A community is an Interchange object that represents your local way of grouping trading partners. It defines your organization’s internal processes for handling messages. It also defines how your community expects to receive messages from back-end applications and from remote partner exchange points.

This information is used by your system to set document back-up options, tune system performance and communicate with back-end systems.

The trading information in the community configuration (also known as a community profile) is important to your partners. It consists of what message protocols and transports you want partners to use when sending documents to you. If you want to securely exchange documents, the exported community definition also contains a copy of your certificate and public key used by partners to encrypt messages before sending.

When you add a community in the Interchange user interface, you specify the following elements:

  • Community name
  • Routing ID to be used by partners to send you documents. A community can have multiple routing IDs.
  • For secure trading, a certificate with a public-private key pair. Your private key remains in your system. Only the public key and certificate are provided to partners in the exported community profile.

After you add a community, you can view and manage the community configuration in the user interface.

The Interchange interface view of the community includes a graphic image of the community's component elements.

In the user interface, you can click the elements of the community graphic to view and manage each part of the community configuration.

  • Summary – A report of trading activity for the period you specify, defaulting to activity within the last hour. It also shows the default delivery exchange for receiving messages from partners and certificate information.
  • Properties – Displays the name and country code of the community, as well as any associated attributes.
  • Certificates – Displays certificates associated with a community. On this page you can add and manage certificates. For more information see Certificates pages.
  • Routing IDs – Displays the routing IDs associated with a community. A community routing ID is the “from” address used in message trading. A community must have at least one, but can have multiple routing IDs. For more information see Routing IDs.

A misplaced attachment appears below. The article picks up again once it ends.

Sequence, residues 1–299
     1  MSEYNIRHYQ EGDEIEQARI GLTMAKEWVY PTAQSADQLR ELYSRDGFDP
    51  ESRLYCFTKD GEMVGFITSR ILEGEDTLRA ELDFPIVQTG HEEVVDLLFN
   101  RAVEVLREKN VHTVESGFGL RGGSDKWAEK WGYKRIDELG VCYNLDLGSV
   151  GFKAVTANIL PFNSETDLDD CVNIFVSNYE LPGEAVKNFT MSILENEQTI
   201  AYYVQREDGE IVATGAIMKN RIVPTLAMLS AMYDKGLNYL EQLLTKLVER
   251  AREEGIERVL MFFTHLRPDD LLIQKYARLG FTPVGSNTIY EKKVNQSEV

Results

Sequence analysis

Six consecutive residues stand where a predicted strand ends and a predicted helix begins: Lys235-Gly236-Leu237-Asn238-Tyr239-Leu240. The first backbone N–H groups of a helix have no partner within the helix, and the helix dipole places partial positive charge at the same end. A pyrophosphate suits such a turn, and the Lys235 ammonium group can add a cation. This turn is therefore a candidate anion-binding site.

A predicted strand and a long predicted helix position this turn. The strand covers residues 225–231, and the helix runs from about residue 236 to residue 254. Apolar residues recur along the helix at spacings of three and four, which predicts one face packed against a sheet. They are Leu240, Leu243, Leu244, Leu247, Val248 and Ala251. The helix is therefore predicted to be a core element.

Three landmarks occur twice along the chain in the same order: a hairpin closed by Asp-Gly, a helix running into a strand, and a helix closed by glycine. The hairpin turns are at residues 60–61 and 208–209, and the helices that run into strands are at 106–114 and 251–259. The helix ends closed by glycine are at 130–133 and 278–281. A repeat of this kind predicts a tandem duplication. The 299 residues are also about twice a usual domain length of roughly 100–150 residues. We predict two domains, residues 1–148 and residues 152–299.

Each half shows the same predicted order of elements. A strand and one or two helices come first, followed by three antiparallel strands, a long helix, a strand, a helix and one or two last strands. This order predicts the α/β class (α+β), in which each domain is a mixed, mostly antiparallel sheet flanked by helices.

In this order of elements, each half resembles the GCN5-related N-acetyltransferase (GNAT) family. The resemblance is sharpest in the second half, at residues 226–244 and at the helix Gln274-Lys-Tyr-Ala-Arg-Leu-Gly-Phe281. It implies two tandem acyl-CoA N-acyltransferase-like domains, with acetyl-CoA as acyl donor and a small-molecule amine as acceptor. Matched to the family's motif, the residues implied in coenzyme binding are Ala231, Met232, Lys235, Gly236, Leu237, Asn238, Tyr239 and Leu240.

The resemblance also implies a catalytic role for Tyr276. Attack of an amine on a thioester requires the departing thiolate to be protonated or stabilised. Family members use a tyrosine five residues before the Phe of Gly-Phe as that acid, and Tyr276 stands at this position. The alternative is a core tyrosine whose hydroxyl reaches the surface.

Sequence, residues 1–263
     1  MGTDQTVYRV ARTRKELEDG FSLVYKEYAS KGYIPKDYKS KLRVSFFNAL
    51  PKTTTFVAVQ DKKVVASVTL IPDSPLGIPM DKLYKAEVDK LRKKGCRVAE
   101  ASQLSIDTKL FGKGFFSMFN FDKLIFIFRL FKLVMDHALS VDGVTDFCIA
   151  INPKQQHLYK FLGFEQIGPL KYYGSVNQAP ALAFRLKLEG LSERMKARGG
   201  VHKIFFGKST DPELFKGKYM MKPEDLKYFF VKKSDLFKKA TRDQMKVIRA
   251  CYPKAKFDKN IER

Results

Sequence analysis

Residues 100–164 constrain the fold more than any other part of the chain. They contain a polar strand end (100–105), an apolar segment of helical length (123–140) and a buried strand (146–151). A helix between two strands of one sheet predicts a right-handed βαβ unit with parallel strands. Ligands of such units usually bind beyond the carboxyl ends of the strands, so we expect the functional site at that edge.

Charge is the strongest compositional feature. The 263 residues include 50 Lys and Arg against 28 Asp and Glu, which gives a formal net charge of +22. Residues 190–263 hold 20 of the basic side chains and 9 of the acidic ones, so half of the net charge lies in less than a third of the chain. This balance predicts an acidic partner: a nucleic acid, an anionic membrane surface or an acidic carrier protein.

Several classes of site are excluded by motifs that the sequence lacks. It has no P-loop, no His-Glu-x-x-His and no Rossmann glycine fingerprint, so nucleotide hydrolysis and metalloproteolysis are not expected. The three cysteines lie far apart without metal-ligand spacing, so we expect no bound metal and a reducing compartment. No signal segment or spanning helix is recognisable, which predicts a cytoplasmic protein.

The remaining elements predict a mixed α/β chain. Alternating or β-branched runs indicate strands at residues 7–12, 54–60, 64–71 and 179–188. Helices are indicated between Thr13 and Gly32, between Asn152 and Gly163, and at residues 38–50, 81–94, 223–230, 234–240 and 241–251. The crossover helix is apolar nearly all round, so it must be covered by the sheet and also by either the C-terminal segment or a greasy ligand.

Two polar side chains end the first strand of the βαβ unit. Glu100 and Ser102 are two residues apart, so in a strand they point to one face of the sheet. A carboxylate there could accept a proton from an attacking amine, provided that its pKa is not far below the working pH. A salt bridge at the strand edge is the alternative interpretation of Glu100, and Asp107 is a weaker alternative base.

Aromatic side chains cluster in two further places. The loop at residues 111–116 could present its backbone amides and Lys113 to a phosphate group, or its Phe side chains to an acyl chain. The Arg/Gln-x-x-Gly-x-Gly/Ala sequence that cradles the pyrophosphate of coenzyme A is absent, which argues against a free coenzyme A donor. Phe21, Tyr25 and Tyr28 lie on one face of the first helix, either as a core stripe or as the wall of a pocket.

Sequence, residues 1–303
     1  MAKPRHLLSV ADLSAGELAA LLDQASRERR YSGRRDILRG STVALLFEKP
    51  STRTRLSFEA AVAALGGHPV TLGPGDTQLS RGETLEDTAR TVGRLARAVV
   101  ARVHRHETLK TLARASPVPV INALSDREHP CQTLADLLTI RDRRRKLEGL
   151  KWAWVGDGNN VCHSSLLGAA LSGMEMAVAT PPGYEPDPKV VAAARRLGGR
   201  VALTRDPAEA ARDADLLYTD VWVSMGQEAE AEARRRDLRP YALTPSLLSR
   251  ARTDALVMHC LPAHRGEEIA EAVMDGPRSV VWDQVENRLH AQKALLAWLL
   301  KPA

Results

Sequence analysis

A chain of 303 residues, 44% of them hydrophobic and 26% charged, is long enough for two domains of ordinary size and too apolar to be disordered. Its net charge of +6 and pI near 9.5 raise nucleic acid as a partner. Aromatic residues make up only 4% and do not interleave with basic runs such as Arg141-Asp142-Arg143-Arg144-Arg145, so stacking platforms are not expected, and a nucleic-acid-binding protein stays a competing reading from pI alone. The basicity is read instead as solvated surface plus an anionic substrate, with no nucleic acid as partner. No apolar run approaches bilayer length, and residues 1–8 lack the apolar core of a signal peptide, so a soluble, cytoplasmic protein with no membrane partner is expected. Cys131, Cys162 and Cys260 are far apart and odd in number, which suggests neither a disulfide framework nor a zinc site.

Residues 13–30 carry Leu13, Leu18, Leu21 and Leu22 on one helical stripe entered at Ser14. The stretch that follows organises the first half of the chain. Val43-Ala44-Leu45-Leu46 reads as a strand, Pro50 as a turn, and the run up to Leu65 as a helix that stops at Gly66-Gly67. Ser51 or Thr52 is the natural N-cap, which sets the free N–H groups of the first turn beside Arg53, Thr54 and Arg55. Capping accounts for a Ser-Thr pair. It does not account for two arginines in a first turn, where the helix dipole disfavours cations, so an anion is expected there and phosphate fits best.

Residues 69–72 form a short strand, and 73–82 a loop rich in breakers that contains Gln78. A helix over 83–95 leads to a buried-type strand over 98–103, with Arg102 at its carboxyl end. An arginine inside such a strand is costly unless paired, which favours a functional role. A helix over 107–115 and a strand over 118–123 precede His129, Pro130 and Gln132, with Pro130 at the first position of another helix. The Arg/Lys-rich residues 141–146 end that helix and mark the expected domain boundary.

• Contacts – Displays the principal contact person for the community and the corresponding email address. You can optionally add a phone number and notes.
  • You can use any email address you want. This can be an address for one person or an alias address with a distribution to many people. You also can enter multiple e-mail addresses by separating each address with a semicolon.
  • [Transport] users – The [Transport] users page lists user accounts associated with embedded servers and the usage for the users. [Transport] is a variable for transports such as FTP, SFTP and others.
  • The [Transport] users icon appears only when certain types of embedded servers have been configured for a community.
  • Application delivery – Displays the transports set up to route messages to a back-end system. A community can have multiple application delivery exchanges. For more information, see Application deliveries.
  • Application pickup – Displays the transports set up to retrieve messages from back-end systems for packaging and sending to partners or other applications. If a community has multiple application pickup exchanges, all are polled for outbound messages. For more information see Application pickups.
  • Delivery settings – Enables you to set the default delivery exchange for the community to use for routing consumed messages. For more information, see Delivery settings.
  • Message handler – Set up message actions, such as re-routing, triggered by specified conditions. For more information see Message handler.
  • The message handler page enables you to set up message actions, such as re-routing, triggered by specified conditions.
  • Message validation – The message validation page lets you set whether a community accepts or rejects EDI messages with duplicate control IDs. You also can specify whether a community accepts or rejects signed or encrypted messages. For more information, see Inbound message validation rules.
  • Collaboration settings – The collaboration settings page lets you set up encryption, signing and other rules for messages a community sends. Provided a community uses a certificate, the default settings are adequate in many cases. For more information see Collaboration settings.
  • Trading pickup – The trading pickup page shows the message protocols and transports partners use to send messages to the community and how the community retrieves the sent messages. A community with multiple trading pickups gives partners multiple avenues for sending messages. For more information see Community trading pickups and partner deliveries.
  • HTTP proxy – Use the HTTP proxy page to define a global HTTP proxy through which all outbound HTTP traffic is routed, if needed. All communities use this proxy. For more information see HTTP outbound proxy.
  • Trading partners – The trading partners page shows the partners that belong to a community. For more information see Community trading partners.

Work with communities

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